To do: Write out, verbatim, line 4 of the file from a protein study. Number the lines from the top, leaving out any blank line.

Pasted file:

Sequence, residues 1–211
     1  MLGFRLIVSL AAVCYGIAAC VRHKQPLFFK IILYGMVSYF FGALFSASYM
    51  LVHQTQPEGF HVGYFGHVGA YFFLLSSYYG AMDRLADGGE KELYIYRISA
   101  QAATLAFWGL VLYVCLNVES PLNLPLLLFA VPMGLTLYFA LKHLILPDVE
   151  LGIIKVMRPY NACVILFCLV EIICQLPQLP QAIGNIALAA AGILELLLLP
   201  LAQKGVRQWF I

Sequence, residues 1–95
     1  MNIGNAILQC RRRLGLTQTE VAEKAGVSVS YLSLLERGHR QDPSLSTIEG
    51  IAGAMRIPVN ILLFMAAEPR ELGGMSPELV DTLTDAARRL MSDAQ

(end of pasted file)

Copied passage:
   101  QAATLAFWGL VLYVCLNVES PLNLPLLLFA VPMGLTLYFA LKHLILPDVE